On May 19, 1920, 13 armed men working for the Baldwin-Felts Detective Agency came to the town of Matewan with the intention of evicting pro-union miners from coal company owned houses. The Matewan Chief of Police, Sid Hatfield, the Mayor, Cabell Cornell Testerman, and and several other locals gathered at the Matewan train station to arrest the coal company grunts on the grounds that the evictions were unlawful. However, the Baldwin Felts Detectives would not go quietly. A shootout occurred. When the smoke cleared 7 detectives, two miners, and Mayor Testerman had all been fatally wounded. The Matewan Massacre was one of many violent conflicts to take place in southern West Virginia in the early 20th century (known as the Mine Wars) between pro-union and anti-union groups.
The Battle of Matewan, more commonly known as
the Matewan Massacre, was a battle fought between the Baldwin-Felts Detective
Agency and local miners. It took place in Mingo County, West Virginia, and was another
instance in history where a struggle for better working conditions and salaries
was waged. Miners during this time were paid extremely low wages in spite of
working in unsafe conditions. Instead of being paid in cash, the miners were
paid in a wage known as scrip, which could only be used in company stores to
buy company products or directly deducted from their pay as rent expenses. As
such, the company was not losing money because the wages paid to their miners
was being deposited back through their stores.
The success and effectiveness of strikes
across the United States led the local miners of Matewan to sign to the Union.
As a result, the coal company, in the case of the Matewan Massacre it was the
Stone Mountain Coal Company, retaliated in order to control their miners. A group
of Baldwin-Felts detectives was hired to evict the miners and their families
from their homes. This unfair treatment led to a bloody and brutal shootout on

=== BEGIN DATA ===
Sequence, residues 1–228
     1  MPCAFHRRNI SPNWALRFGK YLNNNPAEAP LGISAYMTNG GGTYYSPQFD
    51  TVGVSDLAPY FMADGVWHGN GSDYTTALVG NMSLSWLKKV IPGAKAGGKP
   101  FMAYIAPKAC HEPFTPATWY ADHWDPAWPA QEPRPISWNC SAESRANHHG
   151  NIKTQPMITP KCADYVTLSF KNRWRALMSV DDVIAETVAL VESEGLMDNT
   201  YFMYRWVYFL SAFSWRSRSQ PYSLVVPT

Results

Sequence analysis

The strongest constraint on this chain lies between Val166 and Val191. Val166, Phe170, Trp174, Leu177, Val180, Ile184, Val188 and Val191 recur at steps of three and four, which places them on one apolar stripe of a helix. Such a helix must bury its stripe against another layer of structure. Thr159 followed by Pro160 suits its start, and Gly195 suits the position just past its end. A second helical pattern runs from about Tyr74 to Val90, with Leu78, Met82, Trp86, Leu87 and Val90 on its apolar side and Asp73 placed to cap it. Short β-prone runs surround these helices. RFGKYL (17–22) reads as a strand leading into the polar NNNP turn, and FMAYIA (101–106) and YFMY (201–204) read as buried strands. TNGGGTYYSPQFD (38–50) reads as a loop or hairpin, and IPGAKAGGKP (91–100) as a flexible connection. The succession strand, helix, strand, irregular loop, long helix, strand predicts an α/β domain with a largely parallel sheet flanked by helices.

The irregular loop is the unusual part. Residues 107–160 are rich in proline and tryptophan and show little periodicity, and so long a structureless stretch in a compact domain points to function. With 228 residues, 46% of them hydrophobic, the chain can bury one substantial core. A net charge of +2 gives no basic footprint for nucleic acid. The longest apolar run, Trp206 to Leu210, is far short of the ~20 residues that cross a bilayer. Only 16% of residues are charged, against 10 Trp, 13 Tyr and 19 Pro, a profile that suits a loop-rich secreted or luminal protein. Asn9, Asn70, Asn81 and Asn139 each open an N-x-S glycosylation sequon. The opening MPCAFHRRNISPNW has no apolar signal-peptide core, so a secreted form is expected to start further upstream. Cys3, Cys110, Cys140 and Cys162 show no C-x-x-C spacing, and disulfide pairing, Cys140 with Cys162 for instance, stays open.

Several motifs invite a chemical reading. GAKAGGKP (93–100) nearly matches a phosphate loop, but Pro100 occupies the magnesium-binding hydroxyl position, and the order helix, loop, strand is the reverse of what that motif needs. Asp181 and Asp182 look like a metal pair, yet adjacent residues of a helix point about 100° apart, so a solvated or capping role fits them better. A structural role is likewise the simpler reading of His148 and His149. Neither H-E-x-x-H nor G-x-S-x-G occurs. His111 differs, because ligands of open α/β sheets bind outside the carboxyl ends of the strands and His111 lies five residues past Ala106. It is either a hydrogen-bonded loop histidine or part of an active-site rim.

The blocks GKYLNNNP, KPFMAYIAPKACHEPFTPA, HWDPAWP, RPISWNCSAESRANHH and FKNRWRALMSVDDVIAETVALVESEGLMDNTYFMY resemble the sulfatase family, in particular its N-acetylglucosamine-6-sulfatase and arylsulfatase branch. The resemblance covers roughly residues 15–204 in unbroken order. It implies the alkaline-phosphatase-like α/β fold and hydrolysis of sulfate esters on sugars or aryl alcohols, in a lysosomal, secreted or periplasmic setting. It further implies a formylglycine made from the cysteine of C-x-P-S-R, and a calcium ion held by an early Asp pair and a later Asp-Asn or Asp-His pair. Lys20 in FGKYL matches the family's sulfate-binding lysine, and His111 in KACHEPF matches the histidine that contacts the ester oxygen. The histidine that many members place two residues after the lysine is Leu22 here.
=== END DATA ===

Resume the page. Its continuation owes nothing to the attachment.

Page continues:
May 19, 1920 that left seven Baldwin-Felts detectives, the Mayor of Matewan and two miners dead. Although
the Massacre was a brief but bloody exchange, “the events that followed in its
wake included a 28-month strike that led to two dozen deaths, West Virginia’s
longest and most controversial murder trail to date, a United States Senate
investigation, the retaliatory assassination of Sid Hatfield, and the largest
armed civilian insurrection since the Civil War” (Bailey, Matewan Before the Massacre, 7). Despite these events, the brave
stand made by the miners, paved the way for fair pay and better working
conditions within southern West Virginia.
The Battle of Matewan was a major factor in
the end of the totalitarian reign of coal company control over the miners of
West Virginia. The battle led to the creation of the Wagner Act, an act responsible
for the creation of minimum wage, better working conditions for miners, and
shortened the amount of days worked. The battle also allowed the miners to take
advantage of becoming part of the Union.
Why visit this national landmark some may ask?
Mingo County is known as “Bloody Mingo” because of its labor strife and corrupt
politics. Visitors to the historic town of Matewan will learn about Mingo
County’s mine wars and the gruesome battle that spurred the way toward
unionization. Mingo County is also in the heart of the coalfields of West
Virginia. Those who visit during the town's Heritage Day, which takes place annually on the Saturday closest to the anniversary of the Matewan Massacre, will be granted the opportunity to watch a reenactment of the battle while also getting a tour of the town. What better way to relive the past than to visit the area where the
miners once lived and worked? The legendary Matewan Massacre is a battle that
helped forever change the lives of all miners across the nation in regards to
fair labor and safe working conditions.